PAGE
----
Marketing automation technology has officially moved from newfangled to mainstream.

Marketers like to have control over their communication and campaigns, and who can blame them? When every piece of creative content that crosses their desks needs to get to the right consumer at exactly the right time, it’s easy to understand why they’d be reluctant to trust a newcomer with the job — even if that newcomer wasn’t human.

That’s why, for years, that need for control has translated into an industry-wide hesitation to implement marketing automation software. While marketers’ day-to-day was bogged down by tedious tasks, handing those tasks over to a machine didn’t necessarily seem like a better option than just continuing to deal with them.

However, recent technological advancements have opened the marketing automation floodgates and pushed marketers to overcome their initial aversion to the technology. As marketing automation software has become even more powerful and the numerous tasks associated with digital marketing have become more onerous, automation has gone mainstream, with 70% of businesses either already using or currently implementing an automated marketing platform.

While this new technology doesn’t come cheap, and technology spend is now higher than ad spend for most companies, the investment is paying off  — and quickly, too. Marketers using automation software generate twice the leads of those using regular blast email software and are perceived by their peers to be twice as effective at communicating; 64% of these marketers also report that they saw the benefits of marketing automation within six months of its initial implementation.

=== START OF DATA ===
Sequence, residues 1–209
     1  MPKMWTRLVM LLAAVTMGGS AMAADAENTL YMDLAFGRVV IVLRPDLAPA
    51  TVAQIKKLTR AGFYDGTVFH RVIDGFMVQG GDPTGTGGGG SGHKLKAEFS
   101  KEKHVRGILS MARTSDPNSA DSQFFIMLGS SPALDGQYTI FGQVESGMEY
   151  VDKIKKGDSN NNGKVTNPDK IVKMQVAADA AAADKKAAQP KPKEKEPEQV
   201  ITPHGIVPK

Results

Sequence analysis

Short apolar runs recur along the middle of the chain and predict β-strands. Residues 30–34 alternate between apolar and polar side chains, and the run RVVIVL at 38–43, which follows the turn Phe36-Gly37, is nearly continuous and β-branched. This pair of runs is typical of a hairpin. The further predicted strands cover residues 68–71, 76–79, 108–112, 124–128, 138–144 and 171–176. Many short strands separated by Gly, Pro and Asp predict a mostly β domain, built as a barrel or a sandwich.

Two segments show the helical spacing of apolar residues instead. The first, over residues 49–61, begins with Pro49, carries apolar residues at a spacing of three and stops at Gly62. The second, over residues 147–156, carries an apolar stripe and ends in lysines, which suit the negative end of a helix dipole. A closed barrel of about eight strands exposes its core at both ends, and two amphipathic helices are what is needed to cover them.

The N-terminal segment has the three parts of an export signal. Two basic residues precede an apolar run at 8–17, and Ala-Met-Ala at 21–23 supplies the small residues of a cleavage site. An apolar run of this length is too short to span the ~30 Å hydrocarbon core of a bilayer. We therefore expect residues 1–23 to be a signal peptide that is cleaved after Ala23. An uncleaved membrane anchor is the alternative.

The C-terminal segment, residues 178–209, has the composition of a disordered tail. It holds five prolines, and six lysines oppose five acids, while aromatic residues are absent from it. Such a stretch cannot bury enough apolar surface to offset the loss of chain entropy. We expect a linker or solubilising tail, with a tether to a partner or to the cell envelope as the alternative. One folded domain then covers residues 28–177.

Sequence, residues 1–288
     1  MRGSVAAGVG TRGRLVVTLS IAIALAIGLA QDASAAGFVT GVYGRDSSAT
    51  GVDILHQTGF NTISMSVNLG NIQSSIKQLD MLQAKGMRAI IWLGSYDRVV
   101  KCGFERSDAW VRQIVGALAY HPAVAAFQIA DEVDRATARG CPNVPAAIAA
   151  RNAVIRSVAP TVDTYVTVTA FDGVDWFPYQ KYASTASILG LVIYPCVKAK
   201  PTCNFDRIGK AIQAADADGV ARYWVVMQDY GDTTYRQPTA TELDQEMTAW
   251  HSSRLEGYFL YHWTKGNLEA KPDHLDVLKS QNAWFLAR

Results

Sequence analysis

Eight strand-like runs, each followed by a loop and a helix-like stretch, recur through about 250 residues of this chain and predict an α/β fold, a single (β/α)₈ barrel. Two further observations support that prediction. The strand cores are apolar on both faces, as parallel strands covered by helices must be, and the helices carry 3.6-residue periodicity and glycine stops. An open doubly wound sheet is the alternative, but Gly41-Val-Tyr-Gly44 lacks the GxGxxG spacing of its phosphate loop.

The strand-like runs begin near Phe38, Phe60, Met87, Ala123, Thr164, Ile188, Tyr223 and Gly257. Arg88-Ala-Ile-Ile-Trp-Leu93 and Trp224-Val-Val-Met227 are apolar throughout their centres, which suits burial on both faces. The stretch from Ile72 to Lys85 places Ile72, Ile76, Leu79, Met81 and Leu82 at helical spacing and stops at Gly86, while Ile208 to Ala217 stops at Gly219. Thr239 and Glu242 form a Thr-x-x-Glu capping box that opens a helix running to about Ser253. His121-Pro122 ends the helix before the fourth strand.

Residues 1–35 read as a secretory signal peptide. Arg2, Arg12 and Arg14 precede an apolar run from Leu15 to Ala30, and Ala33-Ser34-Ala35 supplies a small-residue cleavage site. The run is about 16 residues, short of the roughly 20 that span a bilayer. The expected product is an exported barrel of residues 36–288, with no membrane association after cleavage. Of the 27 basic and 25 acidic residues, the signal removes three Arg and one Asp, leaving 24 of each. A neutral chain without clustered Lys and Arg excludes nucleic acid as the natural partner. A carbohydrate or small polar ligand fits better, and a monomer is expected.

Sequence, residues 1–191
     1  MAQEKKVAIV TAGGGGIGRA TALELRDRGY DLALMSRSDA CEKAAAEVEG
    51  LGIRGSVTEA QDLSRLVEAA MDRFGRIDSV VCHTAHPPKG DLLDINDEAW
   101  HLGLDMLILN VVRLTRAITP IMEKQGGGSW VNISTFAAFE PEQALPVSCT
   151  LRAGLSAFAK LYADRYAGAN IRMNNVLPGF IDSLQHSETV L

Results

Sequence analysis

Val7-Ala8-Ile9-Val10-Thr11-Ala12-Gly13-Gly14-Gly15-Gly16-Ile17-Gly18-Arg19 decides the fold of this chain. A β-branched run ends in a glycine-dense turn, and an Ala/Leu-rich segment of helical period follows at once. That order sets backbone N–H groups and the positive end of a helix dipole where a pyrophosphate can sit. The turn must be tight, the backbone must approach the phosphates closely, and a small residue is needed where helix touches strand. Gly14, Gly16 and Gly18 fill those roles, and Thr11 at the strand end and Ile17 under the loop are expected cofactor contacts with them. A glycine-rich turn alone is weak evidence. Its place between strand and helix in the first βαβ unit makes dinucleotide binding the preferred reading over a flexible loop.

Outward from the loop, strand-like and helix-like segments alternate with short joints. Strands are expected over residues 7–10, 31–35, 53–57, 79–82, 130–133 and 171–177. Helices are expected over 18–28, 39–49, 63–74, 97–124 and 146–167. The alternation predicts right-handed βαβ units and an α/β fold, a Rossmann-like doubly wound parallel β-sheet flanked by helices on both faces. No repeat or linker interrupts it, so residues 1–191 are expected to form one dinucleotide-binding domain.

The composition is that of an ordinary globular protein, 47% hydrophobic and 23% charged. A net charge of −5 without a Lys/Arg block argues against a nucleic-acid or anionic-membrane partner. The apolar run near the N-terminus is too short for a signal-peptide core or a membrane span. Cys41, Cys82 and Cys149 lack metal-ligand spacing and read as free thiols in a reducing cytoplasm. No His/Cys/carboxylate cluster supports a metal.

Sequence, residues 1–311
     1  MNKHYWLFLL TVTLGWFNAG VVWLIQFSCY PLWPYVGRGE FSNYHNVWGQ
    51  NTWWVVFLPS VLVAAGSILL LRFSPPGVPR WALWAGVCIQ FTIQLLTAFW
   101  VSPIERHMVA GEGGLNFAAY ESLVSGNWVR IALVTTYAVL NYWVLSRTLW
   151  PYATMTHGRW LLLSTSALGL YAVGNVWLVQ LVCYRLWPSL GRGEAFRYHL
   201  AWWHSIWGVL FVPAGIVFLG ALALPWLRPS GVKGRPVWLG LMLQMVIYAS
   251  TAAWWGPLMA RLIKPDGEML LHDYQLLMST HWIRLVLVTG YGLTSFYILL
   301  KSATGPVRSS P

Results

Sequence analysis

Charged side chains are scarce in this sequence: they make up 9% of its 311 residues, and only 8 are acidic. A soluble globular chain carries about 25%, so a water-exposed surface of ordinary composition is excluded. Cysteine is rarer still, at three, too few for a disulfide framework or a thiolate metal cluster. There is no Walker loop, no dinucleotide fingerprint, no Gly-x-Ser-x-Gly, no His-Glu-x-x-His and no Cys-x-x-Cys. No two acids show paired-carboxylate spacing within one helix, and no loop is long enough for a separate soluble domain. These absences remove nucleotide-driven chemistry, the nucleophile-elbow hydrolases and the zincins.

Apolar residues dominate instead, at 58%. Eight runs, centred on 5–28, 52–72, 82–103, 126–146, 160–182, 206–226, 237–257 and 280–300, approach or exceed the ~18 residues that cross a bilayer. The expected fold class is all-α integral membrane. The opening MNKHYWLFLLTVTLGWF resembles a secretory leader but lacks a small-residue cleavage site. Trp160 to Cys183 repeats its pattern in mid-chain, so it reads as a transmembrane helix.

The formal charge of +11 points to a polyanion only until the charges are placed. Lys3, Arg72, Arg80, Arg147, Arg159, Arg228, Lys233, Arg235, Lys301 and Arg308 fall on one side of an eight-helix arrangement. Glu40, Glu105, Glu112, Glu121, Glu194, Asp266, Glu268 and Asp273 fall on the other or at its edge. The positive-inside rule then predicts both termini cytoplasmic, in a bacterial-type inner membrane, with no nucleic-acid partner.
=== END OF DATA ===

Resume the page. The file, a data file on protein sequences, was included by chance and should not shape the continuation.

For more information about marketing automation, check out our new infographic below:

Author Cooper Pickett

Cooper is the CEO and a co-founder of L&T Co. He is a partner of Columbia Entrepreneurship at the Columbia Startup Lab and a 2010 graduate of Columbia University (CC’10). At L&T, he oversees a growing international team that works around the clock to get clients results. He has extensive leadership and team-building experience from his time as the CMO of a real estate startup. He excels as a marketer and strategist — qualities he refined and developed as the founder of e-commerce businesses in the sports and subscription spaces. With the founding of L&T, Cooper brings these strategies and insights to companies worldwide. He participates in Princeton University’s Employer in Residence program, serves on the Columbia Startup Lab’s leadership committee, and speaks on industry panels about entrepreneurship, marketing, and startups. On occasion, he teaches web marketing at General Assembly.

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